Community Members Unite for Nonviolence Week

YOUNGSTOWN, Ohio – Throughout her childhood, Sharon Grandberry had to endure physical and mental abuse from her mother.

“The physical was bad, but the mental abuse is what I carried in my life,” she said. “I was afraid. I felt like I was in a box, chained in there and I had no choices.”

Grandberry shared her story in front of 60 community members and public officials who attended the Sojourner House Domestic Violence Vigil at the First Presbyterian Church Monday as part of Ohio Nonviolence Week.

Those attending the vigil heard personal stories of violence from community members, and lit candles together in remembrance of those who lost their lives from violence and for the survivors who have suffered from violence.

“I walked away from my abuser 13 years ago and I will never go back,” Grandberry said. “What I will do in life is help people.”

Today, Grandberry is the certified peer recovery supporter at Compass Family and Community Services, which enables her to share her experiences with clients.

“There is hope. I don’t want anyone to think there isn’t life after going through any type of domestic violence,” she said.

The theme for this year’s Nonviolence Week is “Together We Can.”

“As a community we can come together,” Grandberry said. “We can intervene. We can show people that we care and it will eventually make them feel like they can come for help.”

After hearing Grandberry’s story, Karen O’Malia, board member of the Sojourner House, said it’s important for people to share their stories.

“When she shared her story, she was a strong advocate for people coming forward and sharing their stories and making sure they get help,” O’Malia said.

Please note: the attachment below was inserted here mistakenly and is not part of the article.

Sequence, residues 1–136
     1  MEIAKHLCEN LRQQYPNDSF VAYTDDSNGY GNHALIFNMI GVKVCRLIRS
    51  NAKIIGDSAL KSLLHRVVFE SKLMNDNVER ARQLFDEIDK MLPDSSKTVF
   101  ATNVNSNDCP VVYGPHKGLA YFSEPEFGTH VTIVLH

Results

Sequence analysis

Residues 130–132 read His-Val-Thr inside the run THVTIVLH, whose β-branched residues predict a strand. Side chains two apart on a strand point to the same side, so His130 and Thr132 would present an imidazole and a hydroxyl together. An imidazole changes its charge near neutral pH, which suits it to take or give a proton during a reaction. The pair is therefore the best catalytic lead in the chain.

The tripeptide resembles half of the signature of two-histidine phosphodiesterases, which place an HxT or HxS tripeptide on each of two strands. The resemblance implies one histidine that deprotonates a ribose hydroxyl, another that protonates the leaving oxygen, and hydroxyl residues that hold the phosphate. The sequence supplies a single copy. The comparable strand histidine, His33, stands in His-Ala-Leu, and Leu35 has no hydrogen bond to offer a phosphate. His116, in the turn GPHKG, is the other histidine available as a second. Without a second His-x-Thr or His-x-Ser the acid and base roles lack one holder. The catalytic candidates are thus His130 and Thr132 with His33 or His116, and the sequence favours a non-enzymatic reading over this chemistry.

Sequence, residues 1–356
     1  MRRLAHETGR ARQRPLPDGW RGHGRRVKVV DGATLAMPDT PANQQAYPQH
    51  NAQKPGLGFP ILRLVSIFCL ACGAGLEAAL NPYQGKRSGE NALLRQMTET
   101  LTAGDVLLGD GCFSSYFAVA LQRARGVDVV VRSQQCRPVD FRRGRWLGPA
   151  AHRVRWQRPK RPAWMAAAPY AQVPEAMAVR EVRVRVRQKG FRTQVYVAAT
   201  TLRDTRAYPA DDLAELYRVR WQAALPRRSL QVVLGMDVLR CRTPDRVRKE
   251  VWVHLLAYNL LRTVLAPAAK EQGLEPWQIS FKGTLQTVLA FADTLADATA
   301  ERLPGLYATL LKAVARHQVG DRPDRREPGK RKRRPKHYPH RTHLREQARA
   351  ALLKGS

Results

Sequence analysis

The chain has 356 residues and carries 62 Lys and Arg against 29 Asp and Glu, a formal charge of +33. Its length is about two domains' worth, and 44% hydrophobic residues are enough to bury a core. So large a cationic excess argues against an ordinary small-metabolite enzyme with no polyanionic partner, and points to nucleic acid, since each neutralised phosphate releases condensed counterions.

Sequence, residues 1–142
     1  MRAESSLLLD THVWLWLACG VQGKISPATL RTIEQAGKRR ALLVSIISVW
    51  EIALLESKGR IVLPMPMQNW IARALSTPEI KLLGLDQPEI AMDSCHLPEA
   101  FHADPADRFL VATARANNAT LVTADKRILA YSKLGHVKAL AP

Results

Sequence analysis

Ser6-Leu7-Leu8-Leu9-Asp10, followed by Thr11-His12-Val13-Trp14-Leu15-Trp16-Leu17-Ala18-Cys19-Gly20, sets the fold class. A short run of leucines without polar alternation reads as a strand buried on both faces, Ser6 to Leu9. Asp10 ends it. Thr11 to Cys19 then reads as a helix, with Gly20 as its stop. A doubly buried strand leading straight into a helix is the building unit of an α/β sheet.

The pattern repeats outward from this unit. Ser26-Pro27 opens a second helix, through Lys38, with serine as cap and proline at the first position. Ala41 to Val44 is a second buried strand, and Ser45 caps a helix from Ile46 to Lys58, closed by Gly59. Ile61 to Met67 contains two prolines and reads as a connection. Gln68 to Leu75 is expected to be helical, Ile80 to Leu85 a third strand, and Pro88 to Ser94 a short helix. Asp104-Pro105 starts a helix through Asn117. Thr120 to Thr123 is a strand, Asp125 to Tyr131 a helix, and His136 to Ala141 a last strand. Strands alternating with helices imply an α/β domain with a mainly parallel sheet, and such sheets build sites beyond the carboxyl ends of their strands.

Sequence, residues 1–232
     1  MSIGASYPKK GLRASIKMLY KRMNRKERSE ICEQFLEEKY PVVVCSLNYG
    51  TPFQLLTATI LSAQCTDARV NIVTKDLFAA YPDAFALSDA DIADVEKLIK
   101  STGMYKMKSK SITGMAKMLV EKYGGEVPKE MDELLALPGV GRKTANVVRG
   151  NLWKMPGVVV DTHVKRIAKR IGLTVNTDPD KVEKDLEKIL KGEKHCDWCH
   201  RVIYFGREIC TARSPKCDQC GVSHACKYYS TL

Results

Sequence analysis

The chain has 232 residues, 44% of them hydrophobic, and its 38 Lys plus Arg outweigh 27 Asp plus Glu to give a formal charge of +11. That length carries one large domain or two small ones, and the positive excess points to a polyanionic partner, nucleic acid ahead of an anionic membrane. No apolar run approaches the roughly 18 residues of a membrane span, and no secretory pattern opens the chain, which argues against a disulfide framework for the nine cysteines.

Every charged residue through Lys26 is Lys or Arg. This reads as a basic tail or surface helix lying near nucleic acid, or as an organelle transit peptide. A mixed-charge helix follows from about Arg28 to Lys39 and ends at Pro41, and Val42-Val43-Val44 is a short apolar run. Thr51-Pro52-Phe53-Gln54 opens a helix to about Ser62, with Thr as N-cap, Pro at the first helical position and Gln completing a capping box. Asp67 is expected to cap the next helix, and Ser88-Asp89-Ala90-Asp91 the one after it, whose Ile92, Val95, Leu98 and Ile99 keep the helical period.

Malinda Gavins, program director of the Sojourner House Domestic Violence program, advocated for the community to come together to fight domestic violence.

“Domestic violence is not only a family issue, but is a community issue,” she said. “In order for us to work on combating domestic violence, we need the community to be our support.”

Attendees at the vigil signed their names before leaving the church as a pledge to help end violence. Mayor Jamael Tito Brown shared his support for nonviolence week by urging the community to ask policy makers where they stand on domestic violence issues.

“We have to make sure the policy makers we elect represent our rights, needs and expectations,” Brown said. “A woman who does not feel safe in her house is not living in a home.”

In correlation with Nonviolence Week, Jeff Steinberg, director of Sojourn to the Past from San Mateo, Calif., spoke to sophomores at East and Chaney high schools Monday about what they can do to combat violence.

Sojourn to the Past invites 10th grade students to participate on a seven-day trip to the South where they visit six cities and retrace the steps of the civil rights movement. Steinberg visits three Youngstown high schools every year during Nonviolence Week to ask students to participate. This morning he will speak to students at Youngstown Early College.

Pictured: Penny Wells, director of Mahoning Valley Sojourn to the Past, and Jeff Steinberg, director of Sojourn to the Past in California.